Sure, there were exceptions, but they only prove the rule. Most small-town America stores were as mediocre and soulless in the '50s and '60s as anything you could accuse Wal-Mart of being today. Worse, even. They were just Wal-Marts on a smaller scale with a lot less merchandise for a lot higher prices, more often than not staffed by grumpy, not very knowledgeable, not very helpful, poorly trained and poorly educated personnel.

When the chains started coming in to the malls that started popping up everywhere, it just wasn't price, convenience and variety that was at the heart of their success, it was also a more interesting, higher-quality shopping experience than you'd find in the dreary stores downtown. The chains ensured a quality standard that you could depend on. You go into a McDonald's, you know what you're going to get; you go into the greasy spoon downtown, well, you're taking your chances. People were disloyal to the small downtown stores because there wasn't much there to command their loyalty to begin with.

Recently I bought a dog, and at first I was committed to buy all my pet supplies at my neighborhood pet store. But after a while I gave up on it because the store was a disorganized mess; the owner was depressive or preoccupied with an animal rights crusade she was on; her merchandise was expensive, and she seemed continuously annoyed to have to deal with my routine or insignificant needs. I'm as attracted to your quirky eccentric as much as the next guy, but the bottom line is that as much as I wanted to love her, she spurned me, so I started going to one of the big-box, national pet store chains. I found the people there helpful, fun, and a lot easier to talk with. And the prices were way lower and the variety and ease of finding what I needed were far superior. It was an easy choice to keep going there instead of shopping local. All the same, I wish those people in the big box were the ones staffing my neighborhood store, because I'd much prefer to shop in my neighborhood.

What's the point? I think people want something they don't get at the big chains, but when they go to their local or neighborhood stores they don't find it there. If they did find it, the megastores would be in big trouble. So is there a market opportunity here? For sure, but it starts with local stores offering the kind of value that you don't get at the big boxes. It shouldn't be that hard, but it's amazing how rare it is to find. Once you do find it, you fall in love, and that's what keeps you coming back, even if it means paying higher prices. Because ultimately what people want is value, and value means more than getting something at the lowest price. It's about what matters to them. As Wal-Mart continues to focus on value to save their customers money, those customers are beginning to focus on the value of "values." Their values, not the values Wal-Mart has prescribed.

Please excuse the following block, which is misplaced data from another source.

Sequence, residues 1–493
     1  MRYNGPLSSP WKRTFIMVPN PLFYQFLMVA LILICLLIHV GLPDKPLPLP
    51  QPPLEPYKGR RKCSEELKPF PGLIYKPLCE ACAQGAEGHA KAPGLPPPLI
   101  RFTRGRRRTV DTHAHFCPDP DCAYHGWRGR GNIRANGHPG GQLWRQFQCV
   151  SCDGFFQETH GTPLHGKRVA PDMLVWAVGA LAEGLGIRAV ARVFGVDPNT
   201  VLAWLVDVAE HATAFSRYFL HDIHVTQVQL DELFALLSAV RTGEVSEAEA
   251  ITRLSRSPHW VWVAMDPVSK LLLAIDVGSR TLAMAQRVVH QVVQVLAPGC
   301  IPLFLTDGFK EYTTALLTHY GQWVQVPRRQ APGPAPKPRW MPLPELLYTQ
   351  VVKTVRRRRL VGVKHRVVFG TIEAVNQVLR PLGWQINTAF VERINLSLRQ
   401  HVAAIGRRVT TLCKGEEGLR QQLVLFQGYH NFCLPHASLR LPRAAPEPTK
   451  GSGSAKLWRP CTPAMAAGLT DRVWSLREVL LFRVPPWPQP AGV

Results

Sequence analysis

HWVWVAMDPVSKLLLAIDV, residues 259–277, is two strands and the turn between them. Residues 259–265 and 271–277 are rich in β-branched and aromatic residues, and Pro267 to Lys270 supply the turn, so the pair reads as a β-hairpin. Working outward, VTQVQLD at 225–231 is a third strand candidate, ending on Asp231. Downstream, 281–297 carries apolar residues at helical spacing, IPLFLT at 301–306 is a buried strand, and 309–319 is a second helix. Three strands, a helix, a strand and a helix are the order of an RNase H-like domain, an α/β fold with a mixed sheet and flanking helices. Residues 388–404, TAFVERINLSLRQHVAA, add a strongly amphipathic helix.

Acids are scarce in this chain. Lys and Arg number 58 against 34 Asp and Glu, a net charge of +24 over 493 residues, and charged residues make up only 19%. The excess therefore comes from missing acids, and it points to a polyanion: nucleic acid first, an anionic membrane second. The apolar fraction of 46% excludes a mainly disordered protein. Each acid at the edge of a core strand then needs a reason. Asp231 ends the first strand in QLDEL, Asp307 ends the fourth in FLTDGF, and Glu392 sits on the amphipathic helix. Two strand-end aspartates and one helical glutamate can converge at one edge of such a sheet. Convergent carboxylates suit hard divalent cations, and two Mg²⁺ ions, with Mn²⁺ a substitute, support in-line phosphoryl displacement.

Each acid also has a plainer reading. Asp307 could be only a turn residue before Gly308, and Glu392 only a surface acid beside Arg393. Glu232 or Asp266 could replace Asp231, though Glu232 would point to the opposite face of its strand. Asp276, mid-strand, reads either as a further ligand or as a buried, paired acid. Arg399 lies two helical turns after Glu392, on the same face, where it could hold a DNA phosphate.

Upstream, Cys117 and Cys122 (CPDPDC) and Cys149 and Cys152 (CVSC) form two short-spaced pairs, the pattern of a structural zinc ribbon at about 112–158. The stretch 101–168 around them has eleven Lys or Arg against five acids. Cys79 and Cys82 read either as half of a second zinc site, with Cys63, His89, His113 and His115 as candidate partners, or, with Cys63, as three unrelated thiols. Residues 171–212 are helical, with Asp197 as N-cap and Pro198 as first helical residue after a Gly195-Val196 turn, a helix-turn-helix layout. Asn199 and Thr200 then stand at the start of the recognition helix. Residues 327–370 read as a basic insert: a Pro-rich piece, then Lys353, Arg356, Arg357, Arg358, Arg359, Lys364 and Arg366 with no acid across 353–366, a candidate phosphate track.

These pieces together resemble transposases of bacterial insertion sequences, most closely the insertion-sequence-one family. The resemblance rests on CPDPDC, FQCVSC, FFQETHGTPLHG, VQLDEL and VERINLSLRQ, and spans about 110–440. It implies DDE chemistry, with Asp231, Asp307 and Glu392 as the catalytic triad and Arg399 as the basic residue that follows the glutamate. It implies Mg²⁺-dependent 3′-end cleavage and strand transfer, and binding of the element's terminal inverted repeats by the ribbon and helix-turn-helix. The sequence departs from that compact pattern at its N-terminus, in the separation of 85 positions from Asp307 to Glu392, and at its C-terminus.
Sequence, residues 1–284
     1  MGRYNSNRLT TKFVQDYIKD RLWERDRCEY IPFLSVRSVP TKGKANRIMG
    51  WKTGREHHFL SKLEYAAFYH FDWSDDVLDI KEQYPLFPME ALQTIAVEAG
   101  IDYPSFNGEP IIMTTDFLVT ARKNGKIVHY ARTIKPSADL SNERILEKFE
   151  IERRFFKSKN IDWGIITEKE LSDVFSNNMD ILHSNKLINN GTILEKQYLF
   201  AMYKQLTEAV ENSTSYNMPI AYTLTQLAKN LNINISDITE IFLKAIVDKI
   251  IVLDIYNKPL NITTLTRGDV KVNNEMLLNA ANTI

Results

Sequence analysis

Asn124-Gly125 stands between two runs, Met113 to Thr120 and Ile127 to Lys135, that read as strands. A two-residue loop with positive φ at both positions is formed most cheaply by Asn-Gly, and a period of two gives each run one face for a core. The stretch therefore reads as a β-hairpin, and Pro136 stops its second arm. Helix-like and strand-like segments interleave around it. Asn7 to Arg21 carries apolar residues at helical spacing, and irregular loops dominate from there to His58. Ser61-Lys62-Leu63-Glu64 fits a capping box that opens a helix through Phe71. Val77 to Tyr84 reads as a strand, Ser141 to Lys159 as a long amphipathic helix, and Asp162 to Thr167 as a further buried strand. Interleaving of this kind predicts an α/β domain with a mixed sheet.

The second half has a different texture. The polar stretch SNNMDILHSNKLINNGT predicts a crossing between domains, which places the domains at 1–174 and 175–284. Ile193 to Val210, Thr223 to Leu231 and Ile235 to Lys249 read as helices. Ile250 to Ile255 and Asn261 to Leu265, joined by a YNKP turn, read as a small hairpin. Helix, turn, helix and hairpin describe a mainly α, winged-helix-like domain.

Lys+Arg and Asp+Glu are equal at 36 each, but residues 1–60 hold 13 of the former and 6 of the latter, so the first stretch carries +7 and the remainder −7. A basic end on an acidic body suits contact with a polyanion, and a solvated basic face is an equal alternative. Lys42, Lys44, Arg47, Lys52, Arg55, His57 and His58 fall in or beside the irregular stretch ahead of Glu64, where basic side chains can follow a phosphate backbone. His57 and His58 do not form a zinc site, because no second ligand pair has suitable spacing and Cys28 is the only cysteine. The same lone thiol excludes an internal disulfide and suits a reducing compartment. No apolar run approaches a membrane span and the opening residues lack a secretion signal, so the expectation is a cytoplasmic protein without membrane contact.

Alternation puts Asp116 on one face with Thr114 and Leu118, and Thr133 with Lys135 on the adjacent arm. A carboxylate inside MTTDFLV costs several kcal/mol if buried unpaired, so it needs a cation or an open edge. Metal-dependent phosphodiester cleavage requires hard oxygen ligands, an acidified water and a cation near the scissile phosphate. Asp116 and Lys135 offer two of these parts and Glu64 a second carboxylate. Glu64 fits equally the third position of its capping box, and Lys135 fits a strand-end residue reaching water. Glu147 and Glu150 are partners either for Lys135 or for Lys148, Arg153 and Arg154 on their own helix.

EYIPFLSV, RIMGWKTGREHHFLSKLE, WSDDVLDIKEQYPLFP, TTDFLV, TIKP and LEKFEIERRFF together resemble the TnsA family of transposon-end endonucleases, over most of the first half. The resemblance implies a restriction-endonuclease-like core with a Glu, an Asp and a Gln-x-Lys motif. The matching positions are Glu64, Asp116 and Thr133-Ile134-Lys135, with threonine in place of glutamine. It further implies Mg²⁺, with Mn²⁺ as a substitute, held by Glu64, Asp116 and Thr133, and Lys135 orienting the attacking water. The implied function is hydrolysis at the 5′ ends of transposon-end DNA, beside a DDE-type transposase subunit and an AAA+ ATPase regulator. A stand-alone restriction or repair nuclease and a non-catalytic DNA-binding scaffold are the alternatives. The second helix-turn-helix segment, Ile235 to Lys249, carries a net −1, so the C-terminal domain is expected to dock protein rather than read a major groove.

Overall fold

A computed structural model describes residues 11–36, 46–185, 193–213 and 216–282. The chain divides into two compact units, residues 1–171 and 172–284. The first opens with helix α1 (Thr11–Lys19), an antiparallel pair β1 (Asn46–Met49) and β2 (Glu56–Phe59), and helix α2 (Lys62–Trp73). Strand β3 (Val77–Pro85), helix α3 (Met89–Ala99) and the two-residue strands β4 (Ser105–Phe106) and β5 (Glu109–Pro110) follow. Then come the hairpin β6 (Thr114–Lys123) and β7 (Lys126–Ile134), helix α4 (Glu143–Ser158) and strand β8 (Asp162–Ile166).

Customers want to be in love, and if they don't find it, they'll settle for price and convenience. We didn't pave over paradise in the '50s and '60s; some smart business people recognized a need, and they developed a very effective way to meet it. Wal-Mart is the logical consequence of a trend that began then, and it will continue to dominate the retail world until customers are offered something better. What is that better? That's something we'll be exploring in future columns. There are some David's out there taking on the Goliaths, and we believe that in the long run, they'll be changing the rules of the game. You gotta love the underdog, but that underdog has to show it can win the game if it's going to have any staying power, that includes having the knowledge as well as demonstrating the guts to do. How to do it is the trick, but it's one worth thinking hard about.